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S&P: Air Travel Demand Even Worse Than Expected

Madhu Unnikrishnan

August 12th, 2020

After a flurry of second-quarter results showed that the airline industry is worse off than we thought, out comes a new report that makes the bad news even more grim. S&P Global now expects air travel demand to be down 60-70% this year compared with last year. This is a downgrade from S&P’s previous forecast of demand this year being down 50-55%, compared with 2019.

And demand in 2021 is expected 30-40% compared with 2019. S&P does not expect demand to recover until 2024, which tracks with IATA’s forecast.

International demand, measured in RPKs, collapsed in April and May, and improved only slightly in June (to -87%, compared with 2019). Ever-shifting travel restrictions are to blame, S&P says, and corporate demand has all but evaporated, with no recovery in sight. Leisure demand is showing signs of life, as people take their summer vacations and visit friends and family.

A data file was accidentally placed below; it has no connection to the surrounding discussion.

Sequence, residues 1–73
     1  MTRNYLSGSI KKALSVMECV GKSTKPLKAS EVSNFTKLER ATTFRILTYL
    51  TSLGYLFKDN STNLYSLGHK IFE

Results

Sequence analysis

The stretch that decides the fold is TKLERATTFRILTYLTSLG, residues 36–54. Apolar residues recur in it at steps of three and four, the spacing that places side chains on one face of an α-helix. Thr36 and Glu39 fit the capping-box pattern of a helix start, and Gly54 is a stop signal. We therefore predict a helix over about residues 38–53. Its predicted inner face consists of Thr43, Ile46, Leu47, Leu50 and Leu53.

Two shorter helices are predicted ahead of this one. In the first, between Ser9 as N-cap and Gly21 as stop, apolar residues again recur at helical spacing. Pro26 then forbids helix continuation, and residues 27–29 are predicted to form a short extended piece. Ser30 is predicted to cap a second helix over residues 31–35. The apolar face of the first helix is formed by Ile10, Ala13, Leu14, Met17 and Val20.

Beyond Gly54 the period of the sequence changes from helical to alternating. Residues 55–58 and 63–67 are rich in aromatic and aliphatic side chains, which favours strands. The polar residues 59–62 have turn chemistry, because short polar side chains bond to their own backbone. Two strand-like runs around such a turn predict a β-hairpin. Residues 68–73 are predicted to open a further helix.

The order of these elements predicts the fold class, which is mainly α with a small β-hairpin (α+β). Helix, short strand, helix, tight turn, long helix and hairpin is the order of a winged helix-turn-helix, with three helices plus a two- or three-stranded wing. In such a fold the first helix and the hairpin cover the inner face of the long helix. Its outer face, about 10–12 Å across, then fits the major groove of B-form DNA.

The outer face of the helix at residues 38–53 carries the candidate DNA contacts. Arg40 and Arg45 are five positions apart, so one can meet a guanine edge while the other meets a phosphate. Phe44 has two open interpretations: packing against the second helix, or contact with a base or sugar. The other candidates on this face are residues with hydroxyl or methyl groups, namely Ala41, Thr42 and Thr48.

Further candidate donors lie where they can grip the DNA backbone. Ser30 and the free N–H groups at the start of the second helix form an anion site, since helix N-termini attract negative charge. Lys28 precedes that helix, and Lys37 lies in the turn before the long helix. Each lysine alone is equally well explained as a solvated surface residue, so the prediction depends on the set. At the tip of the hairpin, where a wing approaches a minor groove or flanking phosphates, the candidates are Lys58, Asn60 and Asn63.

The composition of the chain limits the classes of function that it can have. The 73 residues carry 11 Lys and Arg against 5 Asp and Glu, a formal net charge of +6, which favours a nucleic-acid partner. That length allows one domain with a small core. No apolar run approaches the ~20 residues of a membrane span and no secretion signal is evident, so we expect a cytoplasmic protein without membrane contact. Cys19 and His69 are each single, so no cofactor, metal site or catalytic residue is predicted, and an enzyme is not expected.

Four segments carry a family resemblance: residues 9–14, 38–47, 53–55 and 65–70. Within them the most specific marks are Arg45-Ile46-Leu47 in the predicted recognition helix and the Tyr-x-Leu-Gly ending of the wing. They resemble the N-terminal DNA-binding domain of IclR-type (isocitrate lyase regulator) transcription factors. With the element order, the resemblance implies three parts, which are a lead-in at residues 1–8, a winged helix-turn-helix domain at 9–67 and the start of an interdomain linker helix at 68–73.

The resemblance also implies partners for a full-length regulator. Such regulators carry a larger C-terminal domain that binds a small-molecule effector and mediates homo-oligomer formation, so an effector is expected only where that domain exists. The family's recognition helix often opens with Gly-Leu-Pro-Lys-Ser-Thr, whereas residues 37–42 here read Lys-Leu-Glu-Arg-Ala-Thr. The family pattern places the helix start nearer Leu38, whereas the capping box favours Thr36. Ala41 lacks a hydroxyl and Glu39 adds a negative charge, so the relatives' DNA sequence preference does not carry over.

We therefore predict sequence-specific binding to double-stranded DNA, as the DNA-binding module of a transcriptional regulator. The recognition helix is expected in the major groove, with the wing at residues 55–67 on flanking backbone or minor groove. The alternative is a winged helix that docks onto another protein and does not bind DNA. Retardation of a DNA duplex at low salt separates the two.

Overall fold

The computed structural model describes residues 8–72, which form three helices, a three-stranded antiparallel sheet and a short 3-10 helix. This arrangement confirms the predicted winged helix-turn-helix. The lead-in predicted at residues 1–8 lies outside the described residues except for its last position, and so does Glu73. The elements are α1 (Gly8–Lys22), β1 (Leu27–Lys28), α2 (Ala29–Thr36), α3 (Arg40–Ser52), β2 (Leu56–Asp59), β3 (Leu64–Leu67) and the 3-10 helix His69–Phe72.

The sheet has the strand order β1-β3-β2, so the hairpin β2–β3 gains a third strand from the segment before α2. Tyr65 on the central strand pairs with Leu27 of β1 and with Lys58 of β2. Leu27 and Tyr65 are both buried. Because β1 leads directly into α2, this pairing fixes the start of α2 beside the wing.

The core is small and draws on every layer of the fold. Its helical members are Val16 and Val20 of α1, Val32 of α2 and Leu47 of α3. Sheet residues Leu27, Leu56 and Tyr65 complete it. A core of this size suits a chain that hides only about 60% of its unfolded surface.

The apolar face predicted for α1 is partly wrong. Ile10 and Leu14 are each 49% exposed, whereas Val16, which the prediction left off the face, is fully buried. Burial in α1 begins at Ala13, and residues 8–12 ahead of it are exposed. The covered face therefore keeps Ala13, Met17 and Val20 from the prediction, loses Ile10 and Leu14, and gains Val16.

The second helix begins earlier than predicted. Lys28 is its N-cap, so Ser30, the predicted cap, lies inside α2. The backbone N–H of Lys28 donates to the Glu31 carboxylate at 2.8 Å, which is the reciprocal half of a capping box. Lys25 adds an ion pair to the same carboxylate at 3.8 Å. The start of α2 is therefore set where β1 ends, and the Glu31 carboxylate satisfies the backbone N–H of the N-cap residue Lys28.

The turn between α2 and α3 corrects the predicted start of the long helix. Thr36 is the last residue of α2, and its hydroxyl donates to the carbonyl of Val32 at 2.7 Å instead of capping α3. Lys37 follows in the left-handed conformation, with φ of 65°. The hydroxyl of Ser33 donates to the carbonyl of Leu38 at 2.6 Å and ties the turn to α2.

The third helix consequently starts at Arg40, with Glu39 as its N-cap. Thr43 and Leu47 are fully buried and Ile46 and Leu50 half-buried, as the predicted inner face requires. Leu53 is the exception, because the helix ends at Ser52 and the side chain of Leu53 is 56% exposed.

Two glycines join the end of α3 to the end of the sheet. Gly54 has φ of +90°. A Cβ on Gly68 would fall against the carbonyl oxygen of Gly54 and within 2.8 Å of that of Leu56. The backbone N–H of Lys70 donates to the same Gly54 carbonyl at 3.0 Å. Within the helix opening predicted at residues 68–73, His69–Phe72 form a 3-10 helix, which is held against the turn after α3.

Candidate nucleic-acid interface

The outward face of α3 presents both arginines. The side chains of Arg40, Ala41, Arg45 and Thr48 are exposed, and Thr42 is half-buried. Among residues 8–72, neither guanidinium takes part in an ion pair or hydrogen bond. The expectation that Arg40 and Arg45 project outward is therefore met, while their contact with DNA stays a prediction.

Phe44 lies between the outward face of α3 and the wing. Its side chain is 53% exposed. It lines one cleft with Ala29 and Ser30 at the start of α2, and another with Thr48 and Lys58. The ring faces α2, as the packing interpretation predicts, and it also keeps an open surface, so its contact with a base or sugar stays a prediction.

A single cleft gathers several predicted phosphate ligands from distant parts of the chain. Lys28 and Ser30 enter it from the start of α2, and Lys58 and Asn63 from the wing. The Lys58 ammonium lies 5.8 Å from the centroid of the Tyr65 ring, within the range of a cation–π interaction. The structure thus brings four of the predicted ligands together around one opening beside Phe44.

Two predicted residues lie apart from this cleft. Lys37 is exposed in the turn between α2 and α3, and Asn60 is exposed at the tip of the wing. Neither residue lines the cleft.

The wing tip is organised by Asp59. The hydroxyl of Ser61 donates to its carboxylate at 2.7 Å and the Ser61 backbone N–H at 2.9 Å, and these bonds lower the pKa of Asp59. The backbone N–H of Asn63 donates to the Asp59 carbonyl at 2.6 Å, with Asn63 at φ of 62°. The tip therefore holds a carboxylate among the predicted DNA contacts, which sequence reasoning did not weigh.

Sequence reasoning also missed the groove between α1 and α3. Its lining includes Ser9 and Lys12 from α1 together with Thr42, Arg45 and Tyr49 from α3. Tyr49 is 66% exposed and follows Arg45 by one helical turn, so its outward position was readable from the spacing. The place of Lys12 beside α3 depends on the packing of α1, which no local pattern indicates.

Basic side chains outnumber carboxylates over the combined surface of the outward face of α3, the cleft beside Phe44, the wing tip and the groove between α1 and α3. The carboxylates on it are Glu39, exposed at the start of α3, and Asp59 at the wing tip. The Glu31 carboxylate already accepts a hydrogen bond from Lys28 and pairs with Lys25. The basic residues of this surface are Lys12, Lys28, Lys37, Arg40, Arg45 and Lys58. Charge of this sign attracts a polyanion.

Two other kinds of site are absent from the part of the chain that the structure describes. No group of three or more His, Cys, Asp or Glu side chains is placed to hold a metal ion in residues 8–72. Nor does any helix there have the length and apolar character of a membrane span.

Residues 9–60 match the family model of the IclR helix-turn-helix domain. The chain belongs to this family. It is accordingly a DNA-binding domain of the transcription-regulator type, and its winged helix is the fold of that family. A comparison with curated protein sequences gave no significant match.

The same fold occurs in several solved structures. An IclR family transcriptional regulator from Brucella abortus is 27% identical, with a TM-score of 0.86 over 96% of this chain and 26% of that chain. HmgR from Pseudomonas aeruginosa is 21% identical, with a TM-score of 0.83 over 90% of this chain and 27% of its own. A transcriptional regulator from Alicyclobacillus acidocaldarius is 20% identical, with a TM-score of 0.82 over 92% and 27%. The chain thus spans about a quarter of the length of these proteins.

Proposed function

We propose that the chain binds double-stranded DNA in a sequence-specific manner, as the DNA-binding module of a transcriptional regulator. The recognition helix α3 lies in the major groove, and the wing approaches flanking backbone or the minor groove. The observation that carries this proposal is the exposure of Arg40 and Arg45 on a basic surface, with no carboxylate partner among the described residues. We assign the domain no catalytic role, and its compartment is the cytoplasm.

Domestic demand is faring better but still was down almost 70% in June. Throughput at Transportation Security Administration (TSA) checkpoints in the U.S. has been inching back up in the summer, fueled by domestic leisure travel. Although throughput has topped 700,000 daily passengers on several days recently, it’s still a fraction of what it was. Throughput on a typical August day last year topped 2.5 million daily passengers.

Government aid has helped airlines survive, S&P notes, in every region except Latin America, where governments have not opened their checkbooks. Airlines also have not shelled out as much in ticket refunds as had been expected. The industry also has been right-sizing itself for what it expects will be a much smaller near-term future.

And how does that near term future look to S&P? Compared with 2019 levels, demand is expected to be down 15-20% in 2022 and 10-15% in 2023. Recovery worldwide could be uneven, dictated by the pandemic and the availability of effective vaccines or therapeutics.

Madhu Unnikrishnan

August 12th, 2020

Photo credit:  Flickr / Ikarasawa

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